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Be inspired: Roxana Whiteman

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Be inspired: Roxana Whiteman

Thursday 03 December 2020

Roxana Whiteman started her nursing degree at the age of 35. After graduating she worked as a staff nurse in the emergency department at Northern General Hospital, before moving to her current role with Yorkshire Ambulance Service, carrying out telephone triage for NHS 111.

Describe a typical day in your job.

As a senior clinical advisor for NHS 111, I assess the needs of the patients that call us and determine the most appropriate course of action. I focus on a single patient at the time and offer them my full professional attention.

Each call is different – in one shift I can talk to people with concerns about their newborn baby, to others with mental health needs, I can offer advice on medication, or I can speak to someone who doesn’t know what to do as their loved one is in need of help and lonely at home.

What are your memories of studying at Sheffield Hallam?

I look back with a happy heart and a smile on my face. I genuinely had the best time of my life. I remember the adrenaline running through my veins before completing an assessment and finalising the referencing. And I remember the togetherness and the cohesion that the nursing course brought to my life. I made friends for life, and I gained a career that I love dearly.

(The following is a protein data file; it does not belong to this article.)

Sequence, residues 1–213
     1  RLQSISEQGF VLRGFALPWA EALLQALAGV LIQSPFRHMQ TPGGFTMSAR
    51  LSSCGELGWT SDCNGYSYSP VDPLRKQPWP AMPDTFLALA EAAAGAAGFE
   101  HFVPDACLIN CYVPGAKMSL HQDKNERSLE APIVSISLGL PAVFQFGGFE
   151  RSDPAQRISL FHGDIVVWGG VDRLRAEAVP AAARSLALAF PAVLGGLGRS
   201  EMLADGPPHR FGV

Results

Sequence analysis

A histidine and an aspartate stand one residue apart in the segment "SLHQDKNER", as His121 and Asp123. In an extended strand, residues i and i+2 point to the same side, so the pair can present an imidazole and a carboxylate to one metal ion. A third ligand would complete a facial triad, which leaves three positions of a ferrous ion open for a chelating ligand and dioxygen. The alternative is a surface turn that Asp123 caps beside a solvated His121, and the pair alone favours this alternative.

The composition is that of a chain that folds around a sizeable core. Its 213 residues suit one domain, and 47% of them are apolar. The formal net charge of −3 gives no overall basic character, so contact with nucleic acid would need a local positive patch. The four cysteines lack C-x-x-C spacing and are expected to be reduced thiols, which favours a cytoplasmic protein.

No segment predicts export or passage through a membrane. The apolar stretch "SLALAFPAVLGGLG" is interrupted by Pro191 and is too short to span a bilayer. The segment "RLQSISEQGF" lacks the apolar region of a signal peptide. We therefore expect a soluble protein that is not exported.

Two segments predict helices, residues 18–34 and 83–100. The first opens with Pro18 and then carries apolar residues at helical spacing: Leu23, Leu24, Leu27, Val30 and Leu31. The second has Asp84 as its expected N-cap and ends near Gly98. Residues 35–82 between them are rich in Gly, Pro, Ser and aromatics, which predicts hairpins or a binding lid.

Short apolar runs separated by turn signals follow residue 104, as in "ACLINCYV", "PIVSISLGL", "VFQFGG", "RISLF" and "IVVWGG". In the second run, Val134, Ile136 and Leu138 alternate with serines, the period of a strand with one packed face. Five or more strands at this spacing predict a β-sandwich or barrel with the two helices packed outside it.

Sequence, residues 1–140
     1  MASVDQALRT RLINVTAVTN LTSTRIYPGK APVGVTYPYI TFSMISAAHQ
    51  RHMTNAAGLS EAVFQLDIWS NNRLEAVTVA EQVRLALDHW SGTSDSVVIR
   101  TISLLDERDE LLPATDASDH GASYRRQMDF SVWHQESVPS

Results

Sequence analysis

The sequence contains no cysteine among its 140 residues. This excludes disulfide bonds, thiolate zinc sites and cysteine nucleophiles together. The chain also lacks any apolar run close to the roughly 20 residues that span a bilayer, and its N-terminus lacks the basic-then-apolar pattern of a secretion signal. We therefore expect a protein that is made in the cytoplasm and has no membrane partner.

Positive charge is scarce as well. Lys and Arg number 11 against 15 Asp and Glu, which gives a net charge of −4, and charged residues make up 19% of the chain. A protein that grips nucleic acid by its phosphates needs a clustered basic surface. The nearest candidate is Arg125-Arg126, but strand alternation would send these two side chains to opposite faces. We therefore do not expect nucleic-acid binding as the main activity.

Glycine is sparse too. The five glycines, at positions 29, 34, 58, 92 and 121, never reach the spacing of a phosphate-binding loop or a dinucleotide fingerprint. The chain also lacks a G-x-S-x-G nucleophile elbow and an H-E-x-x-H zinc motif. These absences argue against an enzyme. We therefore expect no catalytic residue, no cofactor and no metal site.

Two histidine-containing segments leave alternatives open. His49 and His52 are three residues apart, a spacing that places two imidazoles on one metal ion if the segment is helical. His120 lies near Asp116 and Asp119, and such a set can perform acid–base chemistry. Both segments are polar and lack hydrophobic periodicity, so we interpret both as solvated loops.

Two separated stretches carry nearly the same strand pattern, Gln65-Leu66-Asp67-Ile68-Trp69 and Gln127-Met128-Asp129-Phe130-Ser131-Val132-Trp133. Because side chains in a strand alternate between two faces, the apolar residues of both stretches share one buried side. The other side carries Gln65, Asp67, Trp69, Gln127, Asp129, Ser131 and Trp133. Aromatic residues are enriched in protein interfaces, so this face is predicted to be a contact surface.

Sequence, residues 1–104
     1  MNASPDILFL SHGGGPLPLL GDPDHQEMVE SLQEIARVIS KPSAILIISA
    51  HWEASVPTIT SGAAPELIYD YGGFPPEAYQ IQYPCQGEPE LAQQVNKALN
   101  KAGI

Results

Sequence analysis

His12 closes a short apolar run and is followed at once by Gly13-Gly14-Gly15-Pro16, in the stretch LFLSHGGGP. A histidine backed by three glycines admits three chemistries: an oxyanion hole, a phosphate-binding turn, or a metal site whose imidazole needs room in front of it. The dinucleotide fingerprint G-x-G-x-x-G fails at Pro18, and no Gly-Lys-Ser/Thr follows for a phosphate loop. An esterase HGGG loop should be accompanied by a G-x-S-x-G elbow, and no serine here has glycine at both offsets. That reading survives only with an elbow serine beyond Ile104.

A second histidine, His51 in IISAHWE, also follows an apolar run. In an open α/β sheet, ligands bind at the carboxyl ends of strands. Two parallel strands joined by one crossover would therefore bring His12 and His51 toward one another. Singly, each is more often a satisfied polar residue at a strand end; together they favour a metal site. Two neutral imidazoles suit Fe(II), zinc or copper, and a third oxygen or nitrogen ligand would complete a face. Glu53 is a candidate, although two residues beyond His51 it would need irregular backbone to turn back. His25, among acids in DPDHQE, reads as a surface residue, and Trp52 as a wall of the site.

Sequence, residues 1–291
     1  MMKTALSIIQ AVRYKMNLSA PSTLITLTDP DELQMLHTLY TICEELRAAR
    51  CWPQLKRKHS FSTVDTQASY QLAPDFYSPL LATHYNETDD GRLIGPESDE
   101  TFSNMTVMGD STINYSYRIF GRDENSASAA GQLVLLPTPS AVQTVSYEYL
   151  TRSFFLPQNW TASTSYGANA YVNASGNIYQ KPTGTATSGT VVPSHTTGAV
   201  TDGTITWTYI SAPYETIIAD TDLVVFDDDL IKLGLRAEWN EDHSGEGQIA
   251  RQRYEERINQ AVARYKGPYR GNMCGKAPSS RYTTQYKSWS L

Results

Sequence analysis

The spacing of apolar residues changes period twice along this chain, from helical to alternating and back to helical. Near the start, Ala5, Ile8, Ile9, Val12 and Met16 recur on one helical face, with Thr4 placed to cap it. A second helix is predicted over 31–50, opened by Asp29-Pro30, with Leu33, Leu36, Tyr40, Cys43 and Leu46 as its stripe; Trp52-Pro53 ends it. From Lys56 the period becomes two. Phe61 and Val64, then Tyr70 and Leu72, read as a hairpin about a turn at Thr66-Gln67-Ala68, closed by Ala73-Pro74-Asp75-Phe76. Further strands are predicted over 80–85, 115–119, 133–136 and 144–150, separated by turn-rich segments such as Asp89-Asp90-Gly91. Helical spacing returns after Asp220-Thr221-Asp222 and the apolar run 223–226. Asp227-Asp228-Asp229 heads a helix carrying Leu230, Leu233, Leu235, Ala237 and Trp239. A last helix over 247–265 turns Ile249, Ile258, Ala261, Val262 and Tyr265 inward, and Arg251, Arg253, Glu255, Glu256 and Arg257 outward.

What impact did Sheffield Hallam have on your career?

People have a great respect for Sheffield Hallam as being one of the best in the country for nursing. It gave me a very strong foundation with amazing transferable skills. The course covered every area – including the social, economic, demographic and cultural aspects of nursing.

How has the pandemic affected your work?

When the pandemic hit we worked extremely hard, and we still do. At NHS 111 we became ‘the national pride’ as one of my colleagues said. People were calling 111 as they needed to find out information about the virus.

When lockdown started I took my almost two-year-old son to his grandparents and I didn’t see him for over three weeks, as I was needed at work. He has spent so much time with his grandma he now calls her Mama. It hasn’t been easy, to say the least, but I keep on marching .

How do you look after your mental wellbeing when working in such a stressful job?

What I tend to do to stay sane is talk to my family. My husband is a very good listener, so I open up to him a lot. I talk to my son too, but trying to explain that mummy is a nurse is difficult – I tell him I love nursing like he loves dinosaurs.

I also talk to my colleagues – after all, I see them more than my family. I have also improved the services at work for when a patient is in a mental health crisis. Some of the calls we take are very challenging, so after the call we come together as a group to reflect. That has improved our health and wellbeing tremendously.


1. Be adaptable

Be open to a challenge, and don’t be hard on yourself. Learn how to adapt and you’ll overcome any situation.

2. Listen

Listening is an important skill for everyone. In my job, being an active listener can help you find the vital piece of information that can contribute to a patient’s recovery.

3. Be kind

Finally, be kind – to yourself and others. And chocolate and tea often make things better.

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